Ten years in another world

Twenty-eight years ago, Harding Lemay released his book Eight Years in Another World, which talked about his experience as head writer of Another World. Lemay’s book talked about the process of writing a show – and how ultimately time consuming and exhausting it was.

This week, another P&G soap has a producer that’s observing TEN years in another world – the executive producer of As The World Turns, Christopher Goutman. (According to Wikipedia, Goutman started at ATWT on June 7, 1999.)

I mentioned this a few months back, and I was as serious then as I am now: I think Goutman needs a change of pace, or a vacation.

I’m not suggesting he needs to be fired, because I don’t want to wish job loss on anyone in this economy. I also think Goutman’s energy and vision almost saved Another World and really grounded ATWT in the early part of this decade, when strong writing was powering the show and making it a more dynamic hour to watch. (People have mixed feelings about Hogan Sheffer, but ATWT was far more watchable and coherent – and RECOGNIZABLE – under his pen.)

I wish Goutman could find new inspiration or a different perspective. He seemed incredibly exhausted and defeated in last year’s interview with Barbara Bloom, and I don’t blame him – the genre, and his job, has changed significantly in the last 11 years (he also produced the last year of AW).

I’m mourning the loss of Guiding Light, and I don’t want people to assume that losing As The World Turns is a done deal, as well.  But there has to be some new ideas, new blood and an openness to revisiting history and using it to propel story into the future, or it WILL be a self-fulfilling prophecy.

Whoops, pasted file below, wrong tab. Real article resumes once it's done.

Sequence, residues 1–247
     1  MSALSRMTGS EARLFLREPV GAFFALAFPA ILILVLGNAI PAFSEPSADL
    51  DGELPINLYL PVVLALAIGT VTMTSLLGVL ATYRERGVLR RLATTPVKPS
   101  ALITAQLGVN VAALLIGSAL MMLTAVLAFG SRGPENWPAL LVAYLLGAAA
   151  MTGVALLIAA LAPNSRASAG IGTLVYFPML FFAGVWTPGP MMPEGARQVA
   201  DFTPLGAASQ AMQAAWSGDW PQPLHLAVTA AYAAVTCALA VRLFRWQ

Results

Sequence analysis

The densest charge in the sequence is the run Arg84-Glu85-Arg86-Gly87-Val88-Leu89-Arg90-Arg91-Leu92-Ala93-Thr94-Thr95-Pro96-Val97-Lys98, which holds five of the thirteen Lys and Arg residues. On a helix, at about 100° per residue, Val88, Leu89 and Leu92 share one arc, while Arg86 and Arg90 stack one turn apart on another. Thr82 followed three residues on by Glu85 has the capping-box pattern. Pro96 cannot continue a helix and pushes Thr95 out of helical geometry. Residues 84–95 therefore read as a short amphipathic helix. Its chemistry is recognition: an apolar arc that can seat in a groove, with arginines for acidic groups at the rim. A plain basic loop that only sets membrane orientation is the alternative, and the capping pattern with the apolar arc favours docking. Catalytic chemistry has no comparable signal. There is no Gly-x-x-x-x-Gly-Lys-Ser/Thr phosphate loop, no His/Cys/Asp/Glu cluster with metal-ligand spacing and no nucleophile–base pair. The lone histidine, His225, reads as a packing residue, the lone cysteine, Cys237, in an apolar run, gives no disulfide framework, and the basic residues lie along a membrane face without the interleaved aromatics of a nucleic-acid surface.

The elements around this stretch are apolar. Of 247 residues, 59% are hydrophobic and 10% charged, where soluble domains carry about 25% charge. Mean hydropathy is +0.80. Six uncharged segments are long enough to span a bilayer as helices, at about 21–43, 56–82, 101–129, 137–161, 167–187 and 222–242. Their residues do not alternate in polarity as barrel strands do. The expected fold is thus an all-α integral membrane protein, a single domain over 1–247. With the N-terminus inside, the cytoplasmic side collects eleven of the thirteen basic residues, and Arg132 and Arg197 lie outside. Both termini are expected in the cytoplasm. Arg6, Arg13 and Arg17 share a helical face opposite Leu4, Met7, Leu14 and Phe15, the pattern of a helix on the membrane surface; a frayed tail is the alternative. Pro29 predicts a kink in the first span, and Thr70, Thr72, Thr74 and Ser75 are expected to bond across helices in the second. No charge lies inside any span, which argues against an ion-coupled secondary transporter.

If anything, I wish P&G/Telenext would launch a new way to see both shows, or find that media partner to move forward with. And like President Obama talking to generals in battle to get a sense of what’s happening, Telenext should use the knowledge and experience of Goutman (and Ellen Wheeler) to help define where the show(s) will be three to five years from now.

Otherwise, just driving the car (or the producer) forward – with the only plan being “to make it to the next town and not run out of gas” almost guarantees that your resources – your time slot, talented producers like Goutman, or the show itself – will run out of energy, out of luck, or out of existence.

EDITED TO ADD: Today brought what I thought was an immensely promising announcement for ATWT: Soap vet Lynn Herring is joining the show as Henry’s mother, Audrey. 

Herring has been greatly missed, and I can’t wait to see her go toe to toe with Trent Dawson and Ewa de Cruz, who are one of my favorite couples and one of the positives about ATWT right now.

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3 thoughts on “Ten years in another world

  1. I enjoyed ATWT during the Hogan years. I was sorry to see him go. The only thing I didn’t like during his tenure was his under utilization of the veteran actors. I can’t imagine the pressure the executive producers of daytime are under at this point. Ellen Wheeler took a lot of hits over the past years, but managed to keep GL on the air. I didn’t like all of her decisions (like “killing Phillip”), but I’ve come to realize the financial situation was difficult. I imagine the same is true at ATWT. I’ve watched both of these soaps for years and like many long time viewers have fond memories of watching with my sister and mother. I’m hoping that ATWT can not only be saved, but improved.

  2. From what I have heard, most of the wrong-headed story decisions over the past 10 years of ATWT can be traced directly to Chris Goutman. Even some of the Sheffer years were plotted by Goutman (so I heard at the time). Goutman is to blame for the many anti-heroes who aren’t actually heroes in any way (Craig, Dusty, Paul), the recasting in character name only, and the inability to refocus the show around the Hugheses. The solutions are obvious to everyone but Goutman.

  3. Goutman is completely fried. And we see the vets even less than we used to. Lucinda occasionally gets a storyline, but that’s it. Kim is permanently the WOAK owner. Bob–where is he? Barbara–Paul’s mother, now and forever. Susan–remember when she had a suspense storyline with a love interest? WOW. Those days are gone, and it was just during the past decade. ATWT needs a complete overhaul, or I really won’t be mourning it a year from now when it circles the drain. Sad but true.

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